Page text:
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Musings, The Straits Times

Same Same, But Different?

While there is some buzz over the Youth Volunteer Corps (YVC) – even though more than 200 nominations for a target of 200 volunteers is far from impressive (ST, Mar. 26) – questions persist. With the aim of expanding opportunities and support for youths to do community projects in Singapore and abroad, the YVC was announced by the Prime Minister at the 2013 National Day Rally.

When asked about the YVC, member of the National Youth Council (NYC) Mr. Tong Yee said the idea was to create a culture. What culture, one might wonder? The proposition of creating a culture of volunteerism implies that it is absent or woefully inadequate at the moment. Yet just last year a study from the National Volunteer and Philanthropy found that almost one in three Singaporeans volunteered, the highest rate since research began in 2000.

“There is always room for improvement” would be the obvious answer, but one would then ask about how and whether the YVC would fit in: how different is it from present endeavours, and is it (even) going to significantly change our landscape of community service?

I am not as excited.

Taken from http://www.trtf.org/TRTF/assets/Image/BW_Helping_Hands.jpg.

Students have been capable of extending their participation in school-based community involvement programmes, and some have started their own service-learning projects.

Students have been capable of extending their participation in school-based community involvement programmes (CIP), and some have started their own service-learning (SL) projects. Informal groups have come together to campaign for causes, and some voluntary welfare organisations have their own initiatives and ambassador schemes. Uniformed groups and community organisations have always been in the long service of the less-privileged.

Is this scepticism wholly justified? Perhaps not. Even if the members of the YVC – as it is with a prestigious national project – turn out to be pragmatic paper-chasers more interested in furthering their own interests, they can at least do some good. With large-scale events and their personal voluntary involvement they could raise awareness about volunteerism and community service, to get more peers involved in different activities. And even with greater bureaucracy there will be access to resources from the $100 million National Youth Fund.

If a primary thrust is to build on existing NYC programmes, then improving them is a must. The Young ChangeMakers grant sought to disburse seed funding for youths to implement projects, though some questioned whether those on the panel were well-qualified to do so, and if the beneficiaries could be involved in the decision-making process. The Youth Expedition Programme has sent thousands of youths abroad on SL projects, though the sustainability of the undertakings and efficacy of reflection exercises remain in question. The countless Youth Forums organised by the NYC should also come under scrutiny.

Maybe the true value of the YVC comes not from the number of service hours and projects its members commit within the year (the “performance indicator” trap which government agencies seem to fall into), but from the discourse it can generate. First on how the execution of school-based CIP and SL could be improved, and second on how adults can be engaged.

Otherwise, the YVC is really nothing – and will have nothing – to shout about.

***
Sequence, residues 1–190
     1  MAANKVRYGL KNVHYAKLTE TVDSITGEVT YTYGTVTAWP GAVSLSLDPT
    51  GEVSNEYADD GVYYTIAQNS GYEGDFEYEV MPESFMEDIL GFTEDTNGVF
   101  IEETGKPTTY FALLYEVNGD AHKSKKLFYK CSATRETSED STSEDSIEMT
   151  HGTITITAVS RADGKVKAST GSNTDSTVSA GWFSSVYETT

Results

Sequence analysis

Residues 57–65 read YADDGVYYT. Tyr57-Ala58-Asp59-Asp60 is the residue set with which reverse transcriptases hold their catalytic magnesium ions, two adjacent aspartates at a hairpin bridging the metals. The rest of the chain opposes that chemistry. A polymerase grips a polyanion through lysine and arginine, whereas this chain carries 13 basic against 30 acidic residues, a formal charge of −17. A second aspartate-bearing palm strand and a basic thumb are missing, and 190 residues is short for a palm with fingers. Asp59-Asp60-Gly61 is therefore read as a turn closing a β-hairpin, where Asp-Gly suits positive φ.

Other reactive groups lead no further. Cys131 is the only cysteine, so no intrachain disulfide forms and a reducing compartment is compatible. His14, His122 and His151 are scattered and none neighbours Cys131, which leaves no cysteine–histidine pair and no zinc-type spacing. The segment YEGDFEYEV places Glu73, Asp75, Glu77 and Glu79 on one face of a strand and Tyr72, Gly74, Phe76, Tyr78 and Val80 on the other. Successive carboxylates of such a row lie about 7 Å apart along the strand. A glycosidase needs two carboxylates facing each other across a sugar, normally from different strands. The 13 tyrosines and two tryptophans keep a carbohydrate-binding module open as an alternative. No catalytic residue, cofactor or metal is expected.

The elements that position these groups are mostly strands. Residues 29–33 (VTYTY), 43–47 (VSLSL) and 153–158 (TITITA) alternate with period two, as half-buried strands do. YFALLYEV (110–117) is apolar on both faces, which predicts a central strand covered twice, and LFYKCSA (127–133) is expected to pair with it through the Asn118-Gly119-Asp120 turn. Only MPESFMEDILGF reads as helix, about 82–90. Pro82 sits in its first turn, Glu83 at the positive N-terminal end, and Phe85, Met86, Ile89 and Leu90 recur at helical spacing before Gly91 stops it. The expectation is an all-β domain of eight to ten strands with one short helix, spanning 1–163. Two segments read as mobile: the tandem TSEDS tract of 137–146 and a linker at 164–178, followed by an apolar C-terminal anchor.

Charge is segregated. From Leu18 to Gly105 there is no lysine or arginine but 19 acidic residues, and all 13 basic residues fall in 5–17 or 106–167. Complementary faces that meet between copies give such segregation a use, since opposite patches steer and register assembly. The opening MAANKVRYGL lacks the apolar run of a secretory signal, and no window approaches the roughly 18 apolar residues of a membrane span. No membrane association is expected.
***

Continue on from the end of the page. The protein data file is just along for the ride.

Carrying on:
About guanyinmiao

A man of knowledge lives by acting, not by thinking about acting. Carlos Castaneda.


5 thoughts on “Same Same, But Different?

  1. I’ve always had some discomfort with two things about “volunteerism” in Singapore – one would be “Voluntourism”, the psychology of which is well documented.

    The other is the necessary assumption that volunteers seem to live in isolation from their projects, and engage and disengage at will. The fact that people are called “projects” is also a departure from the heart of volunteerism. Does YVC add to this distance between volunteers and recipients or does it close the gap? Will it make an endeavour to help the needy something more than “project hours clocked”? Will it really help people find the true value of another person from a time and place and culture that we do not understand? Will it teach us that this work is never done, that we are a just building islands in an ocean of need, that we must not look for “success”, but truly love, truly hope, truly understand?

    It is a first step, yes. But if the fist step doesn’t lead to the second, but makes the second more difficult, then we need to take a step back and find another way forward.

    Posted by Daniel Yap | March 31, 2014, 10:39 am
    • I think both of us are looking at the YVC and wondering how different it would be from present endeavours, and whether it would plug some of the aforementioned gaps. I agree that volunteerism is a broader concept of involvement and giving back, and service projects – as it is with CIP and SL in the schools – can get some interested (and hopefully in Singapore, to continue doing it for the long-term).

      I started volunteering because of pragmatic reasons (resume, hours, awards), but along the way my perspectives slowly changed. And I’m thankful for that.

      Jin Yao

      Posted by guanyinmiao | March 31, 2014, 2:18 pm
      • Then perhaps effort would be better invested into trying to make that connection from benefit to duty to values rather than just pushing the volumes harder? The measurable result may look good at first, but the culture is ultimately of greater value.

        Posted by Daniel Yap | March 31, 2014, 4:41 pm


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